The great white space hope

There’s usually no shortage of opinion in this industry, so I’ve been surprised by the reticence I’ve encountered trying to find out what the big operators think about Neul, the UK startup that reckons a new wireless data standard it’s developed for operation in the TV broadcast white space spectrum should—and will—be adopted for M2M services worldwide.

If you believe that Vodafone, Orange and Telefónica and the GSMA cannot, between them, muster a single viewpoint on Neul’s proposition, then you’ll believe anything. So either they don’t want to talk about it because they’re currently assessing the firm’s ideas, or they think it’s  a blind alley and they’re following grandmother’s advice that, if you can’t think of anything nice to say, you should say nothing at all.  Or both.

The mobile industry has always had the dream of a single standard, and in reality juggled a variety of competing technologies. Now, as it inches ever closer to a single, harmonised approach with LTE, you’ve got to wonder how willing it’s going to be to add another into the mix, purely for M2M.

Recently I was at Sprint’s M2M Collaboration Centre near Silicon Valley. There’s no better example of the downside of a multi-technology strategy than Sprint, which struggles with iDEN, CDMA and WiMAX technologies and is likely soon to be adopting LTE in some form. The Sprint exec running the Collaboration Centre conceded that: “Operating three separate networks is incredibly expensive and not cost effective.” They’ll have a fourth with LTE; why would they want a fifth?

Ex-Smartone CTO and founder of industry consultancy Northstream, Bengt Nordstrom was one of two people I got a comment from. And he didn’t pull his punches.

“It’s highly unlikely that a start-up company will have its technology approved as a standard for white space usage, and this will ultimately prevent it from building any real volume and momentum with operators. The road to recognised and approved radio access technology standards is paved with interesting but unsuccessful start-up company initiatives.

Neul’s founders argue that existing and emerging network technologies, and the spectrum they occupy, up to and including LTE, must be used by operators to provide for existing services. The smartphone and mobile data boom will offer more than enough traffic to occupy LTE, they say, to the extent that they will be unable to afford to divert its resource to anything else.

They counter the argument that existing networks are sunk costs with the reply that a nationwide deployment of their technology in a market the size of the UK would cost only £50m.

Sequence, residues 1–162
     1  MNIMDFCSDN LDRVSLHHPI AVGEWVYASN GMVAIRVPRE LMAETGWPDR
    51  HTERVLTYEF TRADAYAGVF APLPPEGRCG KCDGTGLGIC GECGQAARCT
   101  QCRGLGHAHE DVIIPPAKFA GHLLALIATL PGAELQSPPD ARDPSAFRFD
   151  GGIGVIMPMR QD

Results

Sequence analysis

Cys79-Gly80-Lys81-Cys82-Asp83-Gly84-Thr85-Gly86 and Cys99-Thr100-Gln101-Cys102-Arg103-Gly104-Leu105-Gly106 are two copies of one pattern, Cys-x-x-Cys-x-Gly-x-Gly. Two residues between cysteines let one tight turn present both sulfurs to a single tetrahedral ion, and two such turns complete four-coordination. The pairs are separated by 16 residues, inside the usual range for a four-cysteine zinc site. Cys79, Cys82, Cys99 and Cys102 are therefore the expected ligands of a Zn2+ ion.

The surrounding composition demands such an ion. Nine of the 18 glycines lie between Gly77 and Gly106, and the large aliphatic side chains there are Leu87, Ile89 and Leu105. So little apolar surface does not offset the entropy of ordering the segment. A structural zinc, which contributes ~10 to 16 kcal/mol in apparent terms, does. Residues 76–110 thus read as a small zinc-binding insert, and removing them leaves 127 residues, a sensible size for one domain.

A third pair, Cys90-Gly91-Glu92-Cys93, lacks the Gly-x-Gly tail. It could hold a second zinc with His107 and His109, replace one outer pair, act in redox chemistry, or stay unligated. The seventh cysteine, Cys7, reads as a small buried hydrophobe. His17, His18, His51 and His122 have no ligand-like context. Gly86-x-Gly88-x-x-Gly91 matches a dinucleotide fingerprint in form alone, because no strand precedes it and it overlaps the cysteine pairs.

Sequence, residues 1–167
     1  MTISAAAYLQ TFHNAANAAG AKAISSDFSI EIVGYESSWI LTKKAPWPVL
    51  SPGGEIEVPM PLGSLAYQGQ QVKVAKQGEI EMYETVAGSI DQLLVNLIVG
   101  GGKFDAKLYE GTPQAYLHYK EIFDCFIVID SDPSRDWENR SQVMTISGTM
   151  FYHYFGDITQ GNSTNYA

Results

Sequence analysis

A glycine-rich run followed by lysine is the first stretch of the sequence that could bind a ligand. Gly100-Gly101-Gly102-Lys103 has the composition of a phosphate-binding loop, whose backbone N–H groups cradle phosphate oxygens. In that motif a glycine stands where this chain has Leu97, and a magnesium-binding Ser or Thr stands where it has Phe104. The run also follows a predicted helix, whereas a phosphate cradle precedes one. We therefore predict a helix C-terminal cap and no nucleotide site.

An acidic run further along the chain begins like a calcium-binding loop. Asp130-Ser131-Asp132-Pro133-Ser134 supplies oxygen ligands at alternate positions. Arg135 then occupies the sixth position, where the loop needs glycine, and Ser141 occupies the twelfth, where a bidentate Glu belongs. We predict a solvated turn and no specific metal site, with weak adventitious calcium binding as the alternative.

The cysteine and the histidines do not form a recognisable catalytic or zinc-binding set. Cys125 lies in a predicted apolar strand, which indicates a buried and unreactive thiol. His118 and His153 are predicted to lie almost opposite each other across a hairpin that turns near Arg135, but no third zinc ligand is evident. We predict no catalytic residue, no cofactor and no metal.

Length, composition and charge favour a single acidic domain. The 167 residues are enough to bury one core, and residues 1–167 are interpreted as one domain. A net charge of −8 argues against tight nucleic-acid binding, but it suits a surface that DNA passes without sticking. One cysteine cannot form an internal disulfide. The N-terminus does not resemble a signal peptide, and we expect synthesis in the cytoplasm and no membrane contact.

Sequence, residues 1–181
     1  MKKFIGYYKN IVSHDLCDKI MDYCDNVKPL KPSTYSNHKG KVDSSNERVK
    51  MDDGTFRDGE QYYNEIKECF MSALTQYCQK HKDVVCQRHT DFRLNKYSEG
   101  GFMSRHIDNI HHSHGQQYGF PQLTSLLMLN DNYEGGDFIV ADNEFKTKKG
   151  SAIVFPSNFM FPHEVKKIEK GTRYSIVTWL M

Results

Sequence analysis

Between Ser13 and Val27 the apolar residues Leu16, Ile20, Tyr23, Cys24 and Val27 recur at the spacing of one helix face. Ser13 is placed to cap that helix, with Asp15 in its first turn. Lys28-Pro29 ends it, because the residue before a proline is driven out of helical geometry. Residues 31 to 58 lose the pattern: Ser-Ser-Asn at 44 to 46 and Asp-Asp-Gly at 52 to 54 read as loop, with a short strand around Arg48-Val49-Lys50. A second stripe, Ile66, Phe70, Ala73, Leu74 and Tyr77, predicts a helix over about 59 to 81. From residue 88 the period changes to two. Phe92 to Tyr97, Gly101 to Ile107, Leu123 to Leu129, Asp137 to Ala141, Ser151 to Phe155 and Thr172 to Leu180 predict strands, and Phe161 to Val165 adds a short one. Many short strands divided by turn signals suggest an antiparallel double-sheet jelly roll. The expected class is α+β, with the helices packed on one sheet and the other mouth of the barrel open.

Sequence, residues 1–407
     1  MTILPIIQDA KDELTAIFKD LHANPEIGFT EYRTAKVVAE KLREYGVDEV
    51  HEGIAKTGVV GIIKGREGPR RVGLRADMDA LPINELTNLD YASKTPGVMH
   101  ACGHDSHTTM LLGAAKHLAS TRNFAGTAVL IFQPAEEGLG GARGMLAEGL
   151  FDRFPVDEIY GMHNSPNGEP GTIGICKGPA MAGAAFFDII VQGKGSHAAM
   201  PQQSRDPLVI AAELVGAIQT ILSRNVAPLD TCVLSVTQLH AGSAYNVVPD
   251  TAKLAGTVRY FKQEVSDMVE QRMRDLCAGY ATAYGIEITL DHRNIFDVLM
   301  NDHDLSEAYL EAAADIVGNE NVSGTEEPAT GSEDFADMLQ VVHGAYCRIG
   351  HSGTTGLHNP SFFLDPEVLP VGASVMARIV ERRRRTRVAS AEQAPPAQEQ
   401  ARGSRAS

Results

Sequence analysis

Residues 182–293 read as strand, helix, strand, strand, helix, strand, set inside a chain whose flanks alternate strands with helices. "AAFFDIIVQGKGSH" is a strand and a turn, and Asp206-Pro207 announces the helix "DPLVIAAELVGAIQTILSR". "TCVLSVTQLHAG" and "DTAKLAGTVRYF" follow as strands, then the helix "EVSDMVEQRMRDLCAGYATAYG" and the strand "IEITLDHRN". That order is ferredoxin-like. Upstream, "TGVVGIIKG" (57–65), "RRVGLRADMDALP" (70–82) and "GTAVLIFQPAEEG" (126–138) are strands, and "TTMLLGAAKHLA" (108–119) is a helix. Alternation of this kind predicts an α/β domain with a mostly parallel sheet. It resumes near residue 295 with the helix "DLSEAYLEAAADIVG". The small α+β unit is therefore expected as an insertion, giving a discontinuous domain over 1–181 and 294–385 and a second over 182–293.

It’s not ready yet, though. While the firm has developed products that can be used for trials, commercial use of the white space spectrum they’re planning on inhabiting is not legal anywhere in the world. And while it is anticipated that this spectrum will remain unlicensed, it doesn’t take an Olympic leap of imagination to picture regulators realising that, if there’s a commercial model for spectrum use, then perhaps there ought to be a commercial prerequisite for its exploitation.

Neul’s CMO, Luke D’Arcy described the company last week as “the Ericsson of White Space.” So when I was speaking to Ericsson CEO Hans Vestberg last week, I asked what the Ericsson of Everything Else thought about the whole thing.

Perhaps unsurprisingly, he wasn’t convinced. “Operators have networks already. Today [those networks] cover 85 per cent of the world’s population and we will cover 90 per cent soon. This means that the main opportunity for machine to machine is covered. I don’t see that there should be specific networks for M2M; and the operators in general see that they should use their existing networks for grabbing this opportunity.”

Of course the operators don’t seem to want to confirm that themselves. So what do you think? Does Neul have it right—White Space; the final frontier?

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One comment

  1. Avatar Russ Boreham 23/06/2011 @ 10:10 am

    Excellent article Mike, well written and I have spoken with a few people about this who also believe that to introduce a new (duplicate) technology covering an already established network within M2M is pricey and somewhat unnecessary. As with all things it will be up to Neul to provide a substantial ROI for its partners and at the moment we haven’t seen much of that.

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